The Washington Post

Special Court Convicts 3 of Sierra Leone War Crimes

- By Clarence Roy-Macauley

FREETOWN, Sierra Leone, June 20 — Three former military leaders in Sierra Leone were found guilty of war crimes Wednesday by a U.N.backed court, the first verdicts stemming from the country’s 10-year civil war.

The ruling also marks the first conviction in an internatio­nal court for the conscripti­on of child soldiers — a practice made notorious by images of drugged elementary-schoolage boys wielding automatic weapons in the regional conflict.

The court found the three defendants, Alex Tamba Brima, Brima Bazzy Kamara and Santigie Borbor Kanu, guilty of 11 of 14 charges, including terrorism, using child soldiers, enslavemen­t, rape and murder.

The three were acquitted of charges of sexual slavery, “other inhumane acts” related to physical violence and acts related to sexual violence, said Peter Andersen, spokesman for the Sierra Leone Special Court.

The tribunal was set up after the end of fighting in 2002 to prosecute the worst offenders in a war that rav- aged the small West African country and also consumed neighborin­g Liberia. The court has indicted 12 people, including former Liberian president Charles Taylor, who is accused of backing Sierra Leonean rebels.

Charges against the three men convicted Wednesday in Freetown linked them to fighters who raped women, burned villages, conscripte­d thousands of child soldiers and forced others to work as laborers in diamond mines.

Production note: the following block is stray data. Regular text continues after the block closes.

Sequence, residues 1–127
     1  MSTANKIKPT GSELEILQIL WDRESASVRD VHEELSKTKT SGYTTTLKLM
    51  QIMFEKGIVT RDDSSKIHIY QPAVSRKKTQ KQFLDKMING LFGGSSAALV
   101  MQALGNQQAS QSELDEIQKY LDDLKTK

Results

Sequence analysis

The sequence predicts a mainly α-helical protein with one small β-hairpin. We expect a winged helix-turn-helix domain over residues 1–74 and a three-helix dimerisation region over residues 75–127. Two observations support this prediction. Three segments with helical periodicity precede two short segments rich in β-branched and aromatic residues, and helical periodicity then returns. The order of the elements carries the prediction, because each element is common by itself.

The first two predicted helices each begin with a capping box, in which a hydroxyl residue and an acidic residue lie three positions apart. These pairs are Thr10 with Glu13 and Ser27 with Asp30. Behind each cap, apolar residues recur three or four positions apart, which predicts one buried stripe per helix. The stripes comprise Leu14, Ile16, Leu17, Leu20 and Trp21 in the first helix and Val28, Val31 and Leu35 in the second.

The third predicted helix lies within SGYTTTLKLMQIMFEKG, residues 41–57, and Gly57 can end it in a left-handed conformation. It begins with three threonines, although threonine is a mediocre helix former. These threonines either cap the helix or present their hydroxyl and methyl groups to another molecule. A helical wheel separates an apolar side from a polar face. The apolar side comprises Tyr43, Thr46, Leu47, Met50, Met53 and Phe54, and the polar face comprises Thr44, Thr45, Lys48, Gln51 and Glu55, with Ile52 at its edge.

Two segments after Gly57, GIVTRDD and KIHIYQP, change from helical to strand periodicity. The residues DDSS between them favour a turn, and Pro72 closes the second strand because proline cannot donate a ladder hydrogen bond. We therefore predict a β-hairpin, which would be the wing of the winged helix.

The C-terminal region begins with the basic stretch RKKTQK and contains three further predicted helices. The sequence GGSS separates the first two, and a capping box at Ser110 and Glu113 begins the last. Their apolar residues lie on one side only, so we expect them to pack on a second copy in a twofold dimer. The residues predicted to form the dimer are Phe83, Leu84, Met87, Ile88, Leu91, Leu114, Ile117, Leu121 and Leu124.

The three were indicted in 2003 as the alleged leaders of the junta, called the Armed Forces Revolu- tionary Council. The group of former military officers toppled Sierra Leone’s government in 1997 and then teamed up with rebels to control the country until 1998, according to the indictment.

Sentencing is scheduled for July 16.

David Crane, the founding prosecutor of the Sierra Leone Special Court, called the ruling a watershed moment for human rights.

“This particular judgment sets the cornerston­e forever — those who recruit children into an armed force are criminally liable,” Crane said.

Although children have been used in wars throughout history, experts say the recruitmen­t and conscripti­on of children reached a new level in Sierra Leone and Liberia. In Liberia, Taylor’s men are accused of organizing the so-called Small Boys Unit, which conscripte­d youngsters, armed them with machine guns and baptized them with names like Babykiller.

About a half-million people were victims of killings, systematic mutilation and other atrocities in Sierra Leone’s conflict, which was fueled by illicit diamond sales.

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